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BP in Recovery? Not With its Alaska Pipelines in Peril

BP's problems unfortunately aren't just confined to its role in the Gulf oil spill this year. An internal maintenance report, obtained by ProPublica, describes severe corrosion throughout BP's extensive pipeline system in Alaska. From ProPublica:
The document shows that as of Oct. 1, 2010, at least 148 BP pipelines on Alaska's North Slope received an "F-rank" from the company. According to BP oil workers, that means inspections have determined that more than 80 percent of the pipe wall is corroded and could rupture. Most of those lines carry toxic or flammable substances. Many of the metal walls of the F-ranked pipes are worn to within a few thousandths of an inch of bursting risking, according to the document, risking an explosion or spills.
BP has been here before. As I noted in the past, safety and maintenance lapses have plagued BP's U.S. operations for the past five years.
  • Investigations following the 2005 Texas City refinery explosion that killed 15 employees and injured 170 others found management focused on cutting maintenance and capital spending costs.
  • In 2006, more than 260,000 gallons of oil were discharged during two different spills when BP's transit pipe in Prudhoe Bay burst. The leak, which was caused by corrosion in the pipeline, wasn't discovered for five days and became the worst spill in Alaska's North Slope.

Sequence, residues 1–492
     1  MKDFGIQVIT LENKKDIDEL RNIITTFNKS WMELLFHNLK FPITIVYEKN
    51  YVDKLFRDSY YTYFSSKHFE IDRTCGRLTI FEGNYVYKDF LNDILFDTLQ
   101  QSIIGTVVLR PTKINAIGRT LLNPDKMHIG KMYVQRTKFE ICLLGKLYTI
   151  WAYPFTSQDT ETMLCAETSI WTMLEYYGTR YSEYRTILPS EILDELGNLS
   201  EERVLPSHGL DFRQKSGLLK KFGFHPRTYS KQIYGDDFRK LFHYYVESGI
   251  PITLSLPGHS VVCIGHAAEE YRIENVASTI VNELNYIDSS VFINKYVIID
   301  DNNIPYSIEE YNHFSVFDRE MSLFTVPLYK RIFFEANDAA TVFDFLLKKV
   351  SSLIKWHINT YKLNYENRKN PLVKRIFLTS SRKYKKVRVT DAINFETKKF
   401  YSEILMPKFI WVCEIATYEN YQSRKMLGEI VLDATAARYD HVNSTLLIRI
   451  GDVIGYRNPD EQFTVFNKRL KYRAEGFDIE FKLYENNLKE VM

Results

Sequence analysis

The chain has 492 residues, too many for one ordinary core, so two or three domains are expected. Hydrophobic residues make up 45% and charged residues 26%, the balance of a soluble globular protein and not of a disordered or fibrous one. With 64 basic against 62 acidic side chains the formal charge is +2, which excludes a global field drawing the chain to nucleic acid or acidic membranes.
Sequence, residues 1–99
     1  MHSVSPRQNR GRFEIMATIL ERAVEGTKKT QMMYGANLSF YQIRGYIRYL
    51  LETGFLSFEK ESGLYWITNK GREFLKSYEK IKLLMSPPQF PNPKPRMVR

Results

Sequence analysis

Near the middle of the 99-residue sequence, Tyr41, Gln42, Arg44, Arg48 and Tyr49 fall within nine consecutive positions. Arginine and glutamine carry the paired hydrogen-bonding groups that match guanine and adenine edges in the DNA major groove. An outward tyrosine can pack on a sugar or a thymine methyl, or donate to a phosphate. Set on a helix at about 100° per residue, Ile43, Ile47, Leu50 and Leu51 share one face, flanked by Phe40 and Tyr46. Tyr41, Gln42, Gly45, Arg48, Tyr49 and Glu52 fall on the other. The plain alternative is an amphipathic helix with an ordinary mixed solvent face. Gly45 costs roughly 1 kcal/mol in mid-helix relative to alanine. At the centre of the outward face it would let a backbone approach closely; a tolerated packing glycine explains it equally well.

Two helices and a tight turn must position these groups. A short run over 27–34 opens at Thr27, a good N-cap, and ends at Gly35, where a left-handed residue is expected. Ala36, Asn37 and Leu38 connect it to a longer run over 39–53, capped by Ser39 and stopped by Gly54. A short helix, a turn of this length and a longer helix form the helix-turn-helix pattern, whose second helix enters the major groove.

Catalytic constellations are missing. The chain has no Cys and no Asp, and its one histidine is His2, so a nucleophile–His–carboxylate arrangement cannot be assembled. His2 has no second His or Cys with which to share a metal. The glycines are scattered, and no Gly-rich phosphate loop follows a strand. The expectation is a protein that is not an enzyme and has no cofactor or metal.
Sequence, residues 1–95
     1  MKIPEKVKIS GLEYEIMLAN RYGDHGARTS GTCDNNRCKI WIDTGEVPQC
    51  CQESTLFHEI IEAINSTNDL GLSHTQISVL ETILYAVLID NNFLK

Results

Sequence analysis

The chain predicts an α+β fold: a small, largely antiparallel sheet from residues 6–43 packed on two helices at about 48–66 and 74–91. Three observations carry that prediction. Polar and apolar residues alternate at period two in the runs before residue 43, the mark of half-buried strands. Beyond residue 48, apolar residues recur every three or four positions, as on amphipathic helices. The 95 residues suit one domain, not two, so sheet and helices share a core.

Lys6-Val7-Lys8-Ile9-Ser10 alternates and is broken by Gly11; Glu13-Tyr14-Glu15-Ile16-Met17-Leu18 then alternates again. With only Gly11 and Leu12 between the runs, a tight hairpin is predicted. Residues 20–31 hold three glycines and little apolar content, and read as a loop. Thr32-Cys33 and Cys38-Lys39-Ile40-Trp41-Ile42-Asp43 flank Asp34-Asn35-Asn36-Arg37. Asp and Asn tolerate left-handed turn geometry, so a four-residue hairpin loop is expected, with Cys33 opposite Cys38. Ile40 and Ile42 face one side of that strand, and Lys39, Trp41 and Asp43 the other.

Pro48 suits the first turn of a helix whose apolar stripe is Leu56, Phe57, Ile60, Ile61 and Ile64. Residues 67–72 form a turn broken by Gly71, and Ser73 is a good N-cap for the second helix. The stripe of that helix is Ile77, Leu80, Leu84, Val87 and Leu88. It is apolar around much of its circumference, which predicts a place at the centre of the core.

• Three BP gas and oil pipelines on Alaska's North Slope clogged or ruptured between September 2008 and November 2009.
BP has put considerable effort and money into upgrading the pipelines since the 2006 ruptures, according to documents viewed by ProPublica. A year after the pipeline burst, BP spent $195 million on maintenance in Alaska. Still, the problems persist on its 1,600 miles of pipelines.

BP simply can't afford another environmental or public safety disaster. Another accident, even a small one, would put the company's U.S. operations at risk, mean more fines and clean up costs and make it difficult to receive approval on future projects. New CEO Bob Dudley said it would take two years to rebuild the company in this post-spill era. The Alaskan pipeline problems will stretch out that time frame and add more costs either to upgrade the system or pay for the cleanup if an accident occurs.

And while the company is on track to sell off assets and has benefited from higher oil prices, its bag of cash isn't bottomless. The cost of the oil spill has already cut into its profits considerably. The company, which reported this week its third-quarter earnings, raised its Gulf oil spill costs another $7.7 billion, making it $40 billion so far. The higher-than-expected charge cut BP's pre-tax profits for the third quarter down to $1.8 billion, a 63 percent decrease from the same period last year.

Photo from BP
For complete coverage, see All Things BNET on BP's Gulf of Mexico Spill

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